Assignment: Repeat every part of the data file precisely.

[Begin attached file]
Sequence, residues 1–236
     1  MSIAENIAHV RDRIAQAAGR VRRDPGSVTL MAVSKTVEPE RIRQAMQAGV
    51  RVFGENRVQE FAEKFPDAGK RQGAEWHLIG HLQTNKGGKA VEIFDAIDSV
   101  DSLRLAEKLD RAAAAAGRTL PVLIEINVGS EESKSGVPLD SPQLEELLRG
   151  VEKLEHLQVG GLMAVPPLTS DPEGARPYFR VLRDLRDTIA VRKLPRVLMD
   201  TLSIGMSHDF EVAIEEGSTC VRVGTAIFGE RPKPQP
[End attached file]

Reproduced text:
Sequence, residues 1–236
     1  MSIAENIAHV RDRIAQAAGR VRRDPGSVTL MAVSKTVEPE RIRQAMQAGV
    51  RVFGENRVQE FAEKFPDAGK RQGAEWHLIG HLQTNKGGKA VEIFDAIDSV
   101  DSLRLAEKLD RAAAAAGRTL PVLIEINVGS EESKSGVPLD SPQLEELLRG
   151  VEKLEHLQVG GLMAVPPLTS DPEGARPYFR VLRDLRDTIA VRKLPRVLMD
   201  TLSIGMSHDF EVAIEEGSTC VRVGTAIFGE RPKPQP